Bernice Pauahi Bishop

Bernice Pauahi Bishop was a Hawaiian princess, the last direct descendant of the Royal House of Kamehameha. With her husband, Charles Reed Bishop, she is remembered as one of the most remarkable philanthropists in the history of the Islands. Her bequest endowed the Kamehameha Schools, which to this day specialize in educating the children of native Hawaiians. After her death, Charles Bishop spent many years bringing her vision to fruition.

Pauahi was born in December 1831, the great-granddaughter of King Kamehameha the Great, conqueror and unifier of the Hawaiian Islands. In her earliest years, she was raised as an aliʻi (noble), steeped in native traditions. At the age of seven, however, she was sent to the Royal School. Run by a pair of married Protestant missionaries, the school was committed to providing the children with the finest possible course of Western education. “Miss Bernice” quickly became a star pupil, excelling in both academics and etiquette, and a devout Christian. She was often compared favorably to her spoiled, misbehaving aliʻi classmates—including Prince Lot Kapuaiwa, the future King Kamehameha V.

In 1846, Charles Reed Bishop arrived in Hawaii. The 24-year-old clerk had sailed from New York en route to Oregon; after rough passage through Cape Horn, the ship put in at Honolulu for provisions. Bishop decided to wait out the winter in the Islands. He found work with local Yankee merchants, soon becoming a clerk at the U.S. consulate. He met Pauahi and soon began regularly calling on her at the Royal School. Though her family firmly reminded her of her obligation to marry Hawaiian royalty, Pauahi resisted. In June 1850, in a small ceremony which her parents refused to attend, Pauahi became Bernice P. Bishop.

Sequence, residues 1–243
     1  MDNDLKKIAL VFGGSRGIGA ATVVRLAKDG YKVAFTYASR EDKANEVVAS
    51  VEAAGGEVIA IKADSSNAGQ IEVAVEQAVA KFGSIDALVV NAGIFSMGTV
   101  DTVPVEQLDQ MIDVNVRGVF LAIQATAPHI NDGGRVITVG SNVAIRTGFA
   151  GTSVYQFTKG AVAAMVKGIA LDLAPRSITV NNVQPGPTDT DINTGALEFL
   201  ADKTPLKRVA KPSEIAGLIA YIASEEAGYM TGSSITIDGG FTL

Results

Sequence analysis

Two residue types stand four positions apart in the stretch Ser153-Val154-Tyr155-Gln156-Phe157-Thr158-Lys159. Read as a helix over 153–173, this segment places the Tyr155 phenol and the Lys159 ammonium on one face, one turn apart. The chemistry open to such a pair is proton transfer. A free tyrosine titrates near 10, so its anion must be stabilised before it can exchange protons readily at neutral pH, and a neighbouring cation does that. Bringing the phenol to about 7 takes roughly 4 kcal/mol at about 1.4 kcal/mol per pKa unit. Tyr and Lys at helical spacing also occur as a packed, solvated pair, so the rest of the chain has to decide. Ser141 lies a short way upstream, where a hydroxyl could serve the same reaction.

Bishop reconciled with her family within a year, and by 1857 had inherited from them an estate totaling 16,011 acres. With it came a wide range of responsibilities. Throughout her mid-20s, Bishop served as a traditional Hawaiian philanthropist, offering guidance, support, and assistance to those who approached her. She spent many working hours in her garden, seated under a tamarind tree, taking visits from fellow islanders and working through their problems in her native Hawaiian tongue.

At the same time, Bernice was ever more involved in American forms of civic engagement. She was a leader in several charitable organizations, including the Stranger’s Friend Society, which aided sick travelers, and the Women’s Sewing Society, which provided clothing for the poor. An accomplished contralto singer and pianist, she conducted performances of the works of Haydn and Verdi with the Amateur Musical Society, and gave music lessons at the Royal School. A devout Protestant, Bishop regularly taught Sunday school at Kawaiahaʻo Church.